Letter from the British Entertainment
and Discotheque Association|
I am writing further to the meeting of the Deregulation
and Delegated Powers Committee earlier this week during which
both civil servants from the Home Office and representatives of
the Royal Borough of Kensington and Chelsea gave evidence.
We welcomed the opportunity to hear the questions
your Committee had prepared and the insightful debate that subsequently
developed. There were a number of issues raised both by Committee
members and witnesses that merit further reflection and I would
again reiterate our offer to give oral evidence to the Committee.
I also understand that Business in Sport and Leisure has offered
to give oral evidence.
The Different Nature of Sundays
A significant part of the evidence given by the Royal
Borough was relevant to issues that were wider than the specific
issue under consideration by the Committee, i.e. relaxation of
the law that restricts charging for public dancing on a Sunday.
Although these questions were entirely valid in the context of
wider licensing reform, it is worth reflecting on the ways in
which these proposals maintain differences between Sunday and
other days of the week. These all contribute to a more rigorous
set of safeguards compared with more general licensing requirements.
- Venues would be able to apply to open on a Sunday.
Venues would not have an automatic right to open.
- It is proposed that venues opening under these
proposals would be permitted to open only until 12:30am rather
than 2am (or 3am in central London) and discretion could be imposed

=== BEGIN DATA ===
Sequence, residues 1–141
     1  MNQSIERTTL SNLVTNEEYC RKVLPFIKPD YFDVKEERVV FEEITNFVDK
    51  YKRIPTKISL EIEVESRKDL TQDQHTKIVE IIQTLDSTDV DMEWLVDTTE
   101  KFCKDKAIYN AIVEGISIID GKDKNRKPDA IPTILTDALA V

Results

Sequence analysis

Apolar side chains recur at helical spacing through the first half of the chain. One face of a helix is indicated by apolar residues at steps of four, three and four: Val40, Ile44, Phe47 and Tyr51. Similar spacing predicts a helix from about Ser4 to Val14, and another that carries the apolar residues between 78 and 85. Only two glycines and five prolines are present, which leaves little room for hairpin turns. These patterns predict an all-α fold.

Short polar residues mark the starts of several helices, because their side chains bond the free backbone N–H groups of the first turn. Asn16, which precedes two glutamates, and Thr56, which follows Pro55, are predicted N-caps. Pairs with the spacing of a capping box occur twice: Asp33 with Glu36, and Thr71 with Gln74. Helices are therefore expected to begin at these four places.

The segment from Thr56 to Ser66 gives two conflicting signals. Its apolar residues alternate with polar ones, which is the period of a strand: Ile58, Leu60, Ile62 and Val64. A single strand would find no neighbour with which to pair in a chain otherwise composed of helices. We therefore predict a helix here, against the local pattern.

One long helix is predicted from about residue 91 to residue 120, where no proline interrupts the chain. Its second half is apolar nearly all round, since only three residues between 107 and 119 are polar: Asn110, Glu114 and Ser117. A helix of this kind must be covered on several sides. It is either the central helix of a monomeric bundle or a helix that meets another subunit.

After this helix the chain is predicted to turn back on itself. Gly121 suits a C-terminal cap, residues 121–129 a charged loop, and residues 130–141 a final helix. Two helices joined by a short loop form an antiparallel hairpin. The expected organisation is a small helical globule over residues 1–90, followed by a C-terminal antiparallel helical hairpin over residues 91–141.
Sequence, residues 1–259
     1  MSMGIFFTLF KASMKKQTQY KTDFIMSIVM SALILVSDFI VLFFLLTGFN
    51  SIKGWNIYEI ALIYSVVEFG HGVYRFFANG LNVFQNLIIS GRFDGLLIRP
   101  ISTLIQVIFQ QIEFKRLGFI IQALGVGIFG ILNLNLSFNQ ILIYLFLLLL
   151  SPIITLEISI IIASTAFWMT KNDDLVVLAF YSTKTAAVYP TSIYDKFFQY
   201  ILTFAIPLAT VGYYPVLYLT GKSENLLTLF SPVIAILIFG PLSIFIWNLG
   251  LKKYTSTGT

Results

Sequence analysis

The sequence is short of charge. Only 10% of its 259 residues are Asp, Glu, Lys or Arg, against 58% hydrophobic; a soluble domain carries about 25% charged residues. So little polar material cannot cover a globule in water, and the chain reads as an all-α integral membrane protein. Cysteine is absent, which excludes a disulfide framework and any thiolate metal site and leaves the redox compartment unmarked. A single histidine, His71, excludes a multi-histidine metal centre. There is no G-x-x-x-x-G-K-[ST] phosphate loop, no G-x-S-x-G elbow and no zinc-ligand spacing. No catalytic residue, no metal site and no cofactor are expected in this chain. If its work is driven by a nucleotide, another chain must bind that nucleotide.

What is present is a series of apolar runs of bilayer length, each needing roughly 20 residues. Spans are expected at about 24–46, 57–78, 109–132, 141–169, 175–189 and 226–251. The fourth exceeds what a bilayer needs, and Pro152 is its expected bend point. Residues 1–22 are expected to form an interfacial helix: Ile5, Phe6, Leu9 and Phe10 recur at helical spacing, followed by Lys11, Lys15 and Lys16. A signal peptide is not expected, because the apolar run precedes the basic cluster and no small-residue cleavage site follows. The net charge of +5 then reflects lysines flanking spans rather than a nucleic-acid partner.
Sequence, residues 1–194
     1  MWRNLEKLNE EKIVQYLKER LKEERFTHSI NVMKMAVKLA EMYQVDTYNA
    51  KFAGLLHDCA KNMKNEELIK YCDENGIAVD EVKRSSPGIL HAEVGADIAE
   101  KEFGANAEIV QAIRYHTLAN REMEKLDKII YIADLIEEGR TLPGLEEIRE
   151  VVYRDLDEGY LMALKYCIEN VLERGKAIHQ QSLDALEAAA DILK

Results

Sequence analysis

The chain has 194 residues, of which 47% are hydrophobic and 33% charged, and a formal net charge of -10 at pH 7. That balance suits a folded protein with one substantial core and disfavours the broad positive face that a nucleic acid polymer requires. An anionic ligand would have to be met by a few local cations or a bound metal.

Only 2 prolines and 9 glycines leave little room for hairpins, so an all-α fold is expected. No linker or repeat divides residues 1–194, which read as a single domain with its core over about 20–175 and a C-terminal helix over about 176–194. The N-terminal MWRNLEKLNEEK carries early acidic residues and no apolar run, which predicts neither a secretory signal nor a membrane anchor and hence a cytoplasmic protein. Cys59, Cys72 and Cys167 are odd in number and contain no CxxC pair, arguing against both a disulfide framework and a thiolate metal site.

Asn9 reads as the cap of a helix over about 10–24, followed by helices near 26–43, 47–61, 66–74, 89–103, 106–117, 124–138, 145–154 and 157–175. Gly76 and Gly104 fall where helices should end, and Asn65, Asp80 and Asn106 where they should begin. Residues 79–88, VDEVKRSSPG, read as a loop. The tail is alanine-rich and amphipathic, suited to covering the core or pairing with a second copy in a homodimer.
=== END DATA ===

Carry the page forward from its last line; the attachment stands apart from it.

locally to impose an earlier time where appropriate.
- The Order contains powers for local police that
would be specific to Sundays.
- Experience from Scotland where Sunday opening
is permitted suggests that Sunday attracts an older, more restrained
clientele. Most of the younger (and noisier) 18 - 25 year old
age group remains committed to Saturday night events.
Widespread Local Authority Support
While BEDA recognises the rights of authorities such
as the Royal Borough of Kensington and Chelsea to object to these
proposals, we would point out that of the sixty-seven local authorities
that responded to the Home Office consultation exercise, fifty-eight
were in favour of the proposal. In addition, organisations such
as the English Tourism Board (now the English Tourism Council),
fifty-six local authority members of the British Resorts Association,
the Local Government Association and the Association of Chief
Police Officers are all on record as supporting these proposals.
Local Authority Opt-Outs
While indidivual authorities may find the proposition
of being allowed to opt out of any deregulation of Sunday dancing
attractive, we would caution against the adoption of such a policy.
This approach would be akin to zoning, which our experience suggests
has a number of drawbacks. In particular, this would result in
local residents living near the borders of authorities being effectively
subject to the effects of the licensing policies of more than
one local authority without adequate democratic recourse. Furthermore,
I understand that during the passage of the previous Deregulation
Order that proposed to allow Sunday dancing, a similar proposal
was ruled illegal by Home Office lawyers.
Incorporation into the Licensing White
Nightclubs have been waiting for many years now for
the opportunity to meet consumer demand for the prospect of imminent
reform was delayed indefinitely while the expected White Paper
on licensing Sunday trading. We feel it would be detrimental to
the development of our industry in reform is finalised and published
and any legislative proposals taken forward.
In conclusion, BEDA would reiterate our support of
the proposals and urge your Committee to recommend their adoption.
10 March 2000